Speaker for 4th February

Derick Woods greets author Tony Macaulay, the first speaker for his year as Club President, with him are club members Graham Kane (L) and Ken Parkes (our photographer!?) (R)

Coleraine Probus find they can smile at the 'Troubles'
Portstewart based author Tony Macaulay made a welcome return to the Coleraine Club, to tell members about his latest book. After four volumes of memories about growing up and living in Belfast throughout the 'Troubles', Tony was turning his hand writing 'fiction', a comedy novel about the 'Peace Walls' - a subject that most people would find difficult to smile at. Especially when, as Tony pointed out, after 50 years since the 'Troubles' truly began, there are still over 100 separating walls / barriers dividing communities in Belfast.

Members enjoy Tony's reading for his 'Paperboy' book

Tony's first book, the critically acclaimed “Paperboy”, published in 2010 tells the nostalgic storey of his years in the Shankill working as a twelve year old Paperboy. The sequel, “Breadboy”, teenage kicks and tatey bread was published in 2013 and “All Growed Up”, what a Breadboy did at University, followed in 2014. The fourth memoir “The Little House on the Peace Line” tells the story of how, in the 1980's, Tony and his wife Lesley lived and worked on the 'wrong side' of the peace line in Belfast, helping young people to reject sectarianism.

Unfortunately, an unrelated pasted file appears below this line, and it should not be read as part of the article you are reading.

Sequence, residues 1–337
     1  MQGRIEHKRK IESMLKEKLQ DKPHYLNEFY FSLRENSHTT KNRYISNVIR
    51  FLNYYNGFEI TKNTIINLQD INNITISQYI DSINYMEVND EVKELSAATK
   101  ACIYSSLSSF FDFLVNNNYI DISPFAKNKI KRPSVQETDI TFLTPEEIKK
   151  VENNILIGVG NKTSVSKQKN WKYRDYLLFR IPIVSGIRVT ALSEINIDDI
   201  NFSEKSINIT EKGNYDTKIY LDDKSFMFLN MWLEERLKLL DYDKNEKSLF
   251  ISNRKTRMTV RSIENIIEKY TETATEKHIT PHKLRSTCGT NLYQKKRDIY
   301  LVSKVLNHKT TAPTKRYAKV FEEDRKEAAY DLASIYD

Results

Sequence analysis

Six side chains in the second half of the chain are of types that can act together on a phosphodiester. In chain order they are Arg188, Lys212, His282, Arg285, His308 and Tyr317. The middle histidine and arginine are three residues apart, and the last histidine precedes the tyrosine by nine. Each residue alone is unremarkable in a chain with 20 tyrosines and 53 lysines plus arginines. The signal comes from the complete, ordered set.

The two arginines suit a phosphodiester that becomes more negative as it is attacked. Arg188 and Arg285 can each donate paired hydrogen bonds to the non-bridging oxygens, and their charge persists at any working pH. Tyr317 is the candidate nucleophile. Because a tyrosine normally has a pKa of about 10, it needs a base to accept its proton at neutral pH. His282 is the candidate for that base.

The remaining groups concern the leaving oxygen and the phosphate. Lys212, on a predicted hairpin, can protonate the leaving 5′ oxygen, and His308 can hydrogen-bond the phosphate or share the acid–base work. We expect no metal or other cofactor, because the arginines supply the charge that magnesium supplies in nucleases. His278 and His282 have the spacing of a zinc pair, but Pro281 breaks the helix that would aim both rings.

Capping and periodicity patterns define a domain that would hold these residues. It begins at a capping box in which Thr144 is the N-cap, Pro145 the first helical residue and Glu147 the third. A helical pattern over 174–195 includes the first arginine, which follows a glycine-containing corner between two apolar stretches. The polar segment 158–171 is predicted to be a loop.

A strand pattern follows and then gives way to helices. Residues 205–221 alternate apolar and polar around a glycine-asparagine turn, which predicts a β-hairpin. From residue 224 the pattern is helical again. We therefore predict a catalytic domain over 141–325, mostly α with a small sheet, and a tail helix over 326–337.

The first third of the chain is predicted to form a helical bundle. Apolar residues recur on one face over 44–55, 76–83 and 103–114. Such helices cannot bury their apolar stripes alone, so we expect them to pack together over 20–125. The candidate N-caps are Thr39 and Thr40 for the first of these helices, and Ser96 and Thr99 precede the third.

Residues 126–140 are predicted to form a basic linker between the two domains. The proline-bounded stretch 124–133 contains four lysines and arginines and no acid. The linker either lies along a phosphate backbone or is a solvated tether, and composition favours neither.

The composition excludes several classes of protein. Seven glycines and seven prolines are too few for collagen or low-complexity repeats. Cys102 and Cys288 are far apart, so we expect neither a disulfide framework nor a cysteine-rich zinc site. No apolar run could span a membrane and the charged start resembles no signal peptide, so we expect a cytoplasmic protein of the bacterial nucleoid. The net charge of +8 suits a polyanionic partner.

Tony's first novel is called, “Belfast Gate”. It is a satirical comedy drama set in 2019. It tells of a cross community group of Catholic and Protestant women, who start a campaign to have their 'peace walls' taken down. Under the banner “Get our gate open” the GOGO girls; Wee Jean; Roberta; Bridgett and Patricia, burst on the scene. The 'girls' even gain access to Stephen Nolan's Radio Show, the "biggest show in the country”.

The 'Graffiti' at the heart of the book

On the 50th Anniversary of the erection of the “Peace Walls,” in the era of Brexit and Trump's border wall, the themes of Tony's laugh-out-loud novel resonates far beyond Northern Ireland. Readings of the extracts from the book certainly brought smiles to the faces of club members and guests! Tony's fifth book is certainly a very good and humorous read; the sad thing is there's a hefty helping of real life lurking behind the comedy, which reminds us all we can't live our lives in isolation from our neighbours. Pop along to Easons or Waterstones and get a copy before they sell out!

Our Secretary and New President listen carefully

As always, many thanks to Graham for most of this report

To find out a bit more about Tony, 'Click' his website logo below (this will open in a new window)